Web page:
25 votes

Should harder games have "Easy modes"?

I presume a lot of you might have noticed the discourse surrounding Sekiro and the notion that games like Sekiro could benefit from having a complementary "easy mode". The discourse is hot, and the takes are flying left and right but I'm curious to what the people of Tildes think about it.

42 comments

  1. [7]
    Papaya
    Link
    When the game uses superficial criteria to make it hard then yes, otherwise no. For example, if a game is hard because enemies have a lot of health, or you lack damage, making you have to grind...

    When the game uses superficial criteria to make it hard then yes, otherwise no.

    For example, if a game is hard because enemies have a lot of health, or you lack damage, making you have to grind either gear, potion or experience, then there is no reason not to make an easy mode for those who don't want to do that and don't find it fun.

    However, games like Sekiro are hard because of the gameplay and gamedesign themselves. They're hard because you need to hone your skills and develop your knowledge of the game. Making them easy would mean either tweaking the gameplay (which would be ludicrous) or tweaking other things like enemy health. But by doing the latter, the player may not have to learn the game mechanics anymore and that kills the whole point.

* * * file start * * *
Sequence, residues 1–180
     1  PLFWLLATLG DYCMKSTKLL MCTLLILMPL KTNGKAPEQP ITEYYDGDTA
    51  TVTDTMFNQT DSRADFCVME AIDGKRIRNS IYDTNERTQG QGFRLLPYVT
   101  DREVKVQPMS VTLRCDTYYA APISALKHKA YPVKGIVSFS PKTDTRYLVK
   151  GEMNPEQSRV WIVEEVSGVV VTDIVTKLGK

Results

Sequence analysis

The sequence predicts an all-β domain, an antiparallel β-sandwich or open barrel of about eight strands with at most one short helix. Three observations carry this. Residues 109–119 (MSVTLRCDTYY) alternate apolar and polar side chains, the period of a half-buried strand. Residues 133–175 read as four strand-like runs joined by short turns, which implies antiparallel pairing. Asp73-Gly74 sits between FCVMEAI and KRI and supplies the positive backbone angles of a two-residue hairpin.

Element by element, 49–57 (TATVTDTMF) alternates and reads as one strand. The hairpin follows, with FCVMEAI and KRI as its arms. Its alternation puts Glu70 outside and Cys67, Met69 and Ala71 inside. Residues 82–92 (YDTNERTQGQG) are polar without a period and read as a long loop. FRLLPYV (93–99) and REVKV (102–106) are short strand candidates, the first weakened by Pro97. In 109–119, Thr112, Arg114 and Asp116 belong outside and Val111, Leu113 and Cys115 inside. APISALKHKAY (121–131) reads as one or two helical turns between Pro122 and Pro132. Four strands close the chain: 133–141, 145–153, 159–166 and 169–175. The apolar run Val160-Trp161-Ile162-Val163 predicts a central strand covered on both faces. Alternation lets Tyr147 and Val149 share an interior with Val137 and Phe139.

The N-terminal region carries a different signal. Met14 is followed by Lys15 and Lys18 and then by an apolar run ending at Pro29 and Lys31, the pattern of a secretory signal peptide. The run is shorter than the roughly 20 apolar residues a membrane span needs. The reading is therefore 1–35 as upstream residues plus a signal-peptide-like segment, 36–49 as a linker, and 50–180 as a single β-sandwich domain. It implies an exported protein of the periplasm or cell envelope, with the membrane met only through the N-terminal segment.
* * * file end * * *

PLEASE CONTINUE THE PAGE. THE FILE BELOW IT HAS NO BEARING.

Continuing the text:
Sekiro is such a perfect game as is. You find it hard at first but when you truly get better at it, you can finish the game in under an hour.

    20 votes
    1. [2]
      NaraVara
      (edited )
      Link Parent
      Functional "easy modes" have been a thing in impossibly hard games forever though, they just came through cheats. I expect only a tiny fraction of people who played Contra actually would have seen...

      Functional "easy modes" have been a thing in impossibly hard games forever though, they just came through cheats. I expect only a tiny fraction of people who played Contra actually would have seen the end of it if not for cheat codes. I doubt we'd all know the Konami code or iddqd off the tops of our heads otherwise, and the Game Genie wasn't a product for nothing.

      Some people just want to see all there is to see or skip through something they got stuck on. Even in games without cheats, my nephew would often call my help to get him through some tough parts of Mario games because his little hands weren't coordinated enough, so I was functionally an "assist mode" for him. My mother (who loves all things Zelda) does the same, but less due to lack of coordination and more due to slow reflexes and not fully understanding how certain game mechanics work since she didn't grow up with them.

      I doubt my young self would have been able to complete Warcraft II on my own without knowing the cheats. I just didn't grok RTS games at the time and I didn't have anyone in my social group to teach me. These are all helpful things to help more people enjoy games and get into them. I play on hard or very hard mode in games now, but I never would have gotten into the hobby if I had this cliff of difficulty facing me when I started. If you think it offends your sense of purity, you can just not use them.

      Also, some gamers have disabilities or just don't have a lot of time (I'm thinking like, new mothers). They can't put the focus in to beat games like Dark Souls but I imagine they would at least like to look around and see the world and be able to participate in conversations about it. Part of the reason Portal became such a memeable cultural touchstone was because it was so approachable.

      8 votes
      1. ThatFanficGuy
        Link Parent